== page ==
Daniel Sokol, PhD, is a medical ethicist and clinical negligence barrister and the author of "Tough Choices: Stories from the Front Line of Medical Ethics" (Book Guild, 2018). In this commentary, he presents a legal view on five common objections to the Government's mandatory vaccination policy for NHS healthcare workers.
The policy of mandatory vaccination for healthcare workers goes against 'bodily autonomy'
Calling the policy 'mandatory vaccination' is a misnomer. The policy is more accurately described as 'vaccination as a condition of deployment'. In brief, the policy requires all persons over 18 with direct, face-to-face contact with patients to provide evidence that they have received a complete course of approved vaccines against Covid-19 by no later than April 1, 2022. Those who fall foul of the policy will either be redeployed to roles that are not patient-facing or dismissed.
In no circumstances will a healthcare worker who declines vaccination be forced to accept it. There will be no infringement of bodily autonomy.
The policy is contrary to the ethical principle of informed consent
No. This would only be the case if healthcare workers were vaccinated without their permission or without sufficient information about the known risks and benefits of the vaccine. Neither scenario should happen.
Healthcare workers who refuse to be vaccinated are coerced to have the vaccination
The policy puts pressure on unvaccinated healthcare workers to decide whether to get the vaccine or abandon their current, patient-facing role. It is doubtful whether this pressure is so overpowering as to constitute coercion, especially if alternative roles or employment are available with no significant reduction in pay.
Determining what counts as coercion is not straightforward but even if the policy is described as 'coercive', the question remains: is it morally justified?
The policy will lead to a mass exodus of staff, which will damage the healthcare system and patient care
No one knows for sure what effect the policy will have on staffing levels. However, no mass shortage has been observed elsewhere, despite similar concerns. The policy is already in place in many countries, including France, Germany, Italy, Greece, Finland, Poland, and New Zealand.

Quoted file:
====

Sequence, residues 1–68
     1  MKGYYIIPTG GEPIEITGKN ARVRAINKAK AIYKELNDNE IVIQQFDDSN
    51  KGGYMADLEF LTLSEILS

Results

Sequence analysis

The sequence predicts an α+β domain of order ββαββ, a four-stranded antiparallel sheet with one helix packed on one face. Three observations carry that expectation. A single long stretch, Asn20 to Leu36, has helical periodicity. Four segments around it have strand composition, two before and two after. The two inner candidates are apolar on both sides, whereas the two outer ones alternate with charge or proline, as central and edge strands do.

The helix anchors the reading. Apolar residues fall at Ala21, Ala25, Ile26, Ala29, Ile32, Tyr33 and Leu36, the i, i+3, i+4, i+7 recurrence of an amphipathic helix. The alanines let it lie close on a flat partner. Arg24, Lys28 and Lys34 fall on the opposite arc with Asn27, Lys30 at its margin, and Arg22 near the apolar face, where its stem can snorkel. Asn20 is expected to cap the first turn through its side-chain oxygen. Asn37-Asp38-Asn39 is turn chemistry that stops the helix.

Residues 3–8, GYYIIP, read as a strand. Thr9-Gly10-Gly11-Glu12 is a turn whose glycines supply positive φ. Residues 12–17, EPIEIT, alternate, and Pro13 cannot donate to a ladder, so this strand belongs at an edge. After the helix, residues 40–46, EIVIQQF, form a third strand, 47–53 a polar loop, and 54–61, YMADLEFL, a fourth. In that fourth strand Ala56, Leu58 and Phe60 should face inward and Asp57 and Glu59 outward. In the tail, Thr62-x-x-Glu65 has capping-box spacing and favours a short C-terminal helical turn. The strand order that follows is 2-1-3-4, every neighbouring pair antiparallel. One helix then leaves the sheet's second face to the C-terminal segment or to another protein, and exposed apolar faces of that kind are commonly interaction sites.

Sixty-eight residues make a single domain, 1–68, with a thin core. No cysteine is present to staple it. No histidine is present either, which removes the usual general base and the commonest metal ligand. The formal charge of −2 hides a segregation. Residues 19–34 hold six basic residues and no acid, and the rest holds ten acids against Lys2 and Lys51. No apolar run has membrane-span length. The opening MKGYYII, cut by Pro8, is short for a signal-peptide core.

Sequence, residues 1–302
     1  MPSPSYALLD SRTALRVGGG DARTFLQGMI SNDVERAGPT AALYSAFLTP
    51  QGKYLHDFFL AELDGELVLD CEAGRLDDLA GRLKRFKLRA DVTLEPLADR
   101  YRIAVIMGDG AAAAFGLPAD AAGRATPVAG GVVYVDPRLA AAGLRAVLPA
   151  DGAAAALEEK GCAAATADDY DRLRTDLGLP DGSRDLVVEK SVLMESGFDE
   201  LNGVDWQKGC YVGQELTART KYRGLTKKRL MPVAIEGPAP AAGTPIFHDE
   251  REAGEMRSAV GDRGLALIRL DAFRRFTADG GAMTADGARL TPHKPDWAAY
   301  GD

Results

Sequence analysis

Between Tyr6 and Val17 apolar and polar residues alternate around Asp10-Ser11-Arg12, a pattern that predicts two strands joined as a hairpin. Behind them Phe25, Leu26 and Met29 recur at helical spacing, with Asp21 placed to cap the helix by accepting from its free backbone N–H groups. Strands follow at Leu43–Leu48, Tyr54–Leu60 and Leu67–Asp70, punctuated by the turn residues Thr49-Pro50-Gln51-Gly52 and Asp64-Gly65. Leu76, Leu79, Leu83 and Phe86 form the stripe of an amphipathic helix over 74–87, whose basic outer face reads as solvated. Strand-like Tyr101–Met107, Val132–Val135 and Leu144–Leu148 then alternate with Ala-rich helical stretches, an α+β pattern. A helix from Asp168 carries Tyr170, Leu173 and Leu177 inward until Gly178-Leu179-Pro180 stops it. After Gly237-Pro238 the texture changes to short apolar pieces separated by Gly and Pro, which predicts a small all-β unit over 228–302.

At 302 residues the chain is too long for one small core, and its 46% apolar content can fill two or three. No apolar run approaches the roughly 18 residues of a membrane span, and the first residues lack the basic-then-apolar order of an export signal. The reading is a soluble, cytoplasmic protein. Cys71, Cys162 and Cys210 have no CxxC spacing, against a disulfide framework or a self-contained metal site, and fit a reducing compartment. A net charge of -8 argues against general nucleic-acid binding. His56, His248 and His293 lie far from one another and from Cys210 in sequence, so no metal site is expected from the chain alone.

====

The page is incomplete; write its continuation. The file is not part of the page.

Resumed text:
In France, as of November 2021, 1350 clinicians out of 374,000 have been prohibited from practising for failing to comply with the law on mandatory vaccination. Of these 1350 clinicians, 160 were doctors (0.07% of doctors in France). These are small numbers.
Many of the 73,000 or so unvaccinated, patient-facing NHS workers will be waiting until the last minute to see if the government backs down.
Since 2020, the NHS has acquired 5000 more doctors and 11,000 more nurses. Even if thousands leave, the health service is unlikely to collapse (the NHS has had staff shortages for years), although it is possible that parts of the system may be so understaffed that patient care will suffer.
There is no evidence that vaccination stops infection or transmission
The jury is still out on the effectiveness of the vaccine against Omicron infection and transmission. According to the latest COVID-19 vaccine surveillance report from the UK Health Security Agency, published on January 20, 2022, "several studies have provided evidence that vaccines are effective at preventing infection" and that, since uninfected people cannot transmit the virus, "the vaccines provide some protection against transmission". The report noted: "There may be additional benefit, beyond that due to prevention of infection, if some of those individuals who become infected despite vaccination are also at a reduced risk of transmitting (for example, because of reduced duration or level of viral shedding)." The report referred to a number of studies providing evidence of reduced risk of household transmission from vaccinated cases compared to unvaccinated ones.
There is strong evidence that the vaccine is effective against serious illness and hospital admission. New data from the Centers for Disease Control and Prevention revealed that unvaccinated adults aged 18 to 49 are 12 times more likely to be admitted to hospital than those who are immunised. For unvaccinated adults aged 50 to 64, the likelihood of hospital admission is 44 times greater.
Most recently, research by the Office of National Statistics showed that double-vaccinated adults had a 41% lower likelihood of developing long COVID than the unvaccinated.
Vaccinated healthcare workers who get infected with COVID are, therefore, less likely to be absent from the 'front line' for a prolonged period than their non-vaccinated counterparts, easing pressure on the health service.
Most of the decisions during the CoVID pandemic, whether about lockdown, social distancing, travel restrictions or anything else, involve trade-offs between competing values, such as personal liberty and protecting the medically vulnerable.
The decision regarding mandatory vaccination is no different. The policy will cause distress to some healthcare workers and may strain the health service by creating staff shortages, reducing morale, and affecting patient care. On the other hand, it could afford greater protection to patients, staff and all those who work in or visit healthcare institutions, will uphold the high ethical standards of the medical professions, and send the right message to the public about the value of vaccination.
On balance, I believe the benefits of the policy outweigh its risks and harms.
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Cite this: Daniel Sokol. Five Common Objections to Mandatory Vaccination for Healthcare Workers: A Medical Ethicist's View - Medscape - Jan 27, 2022.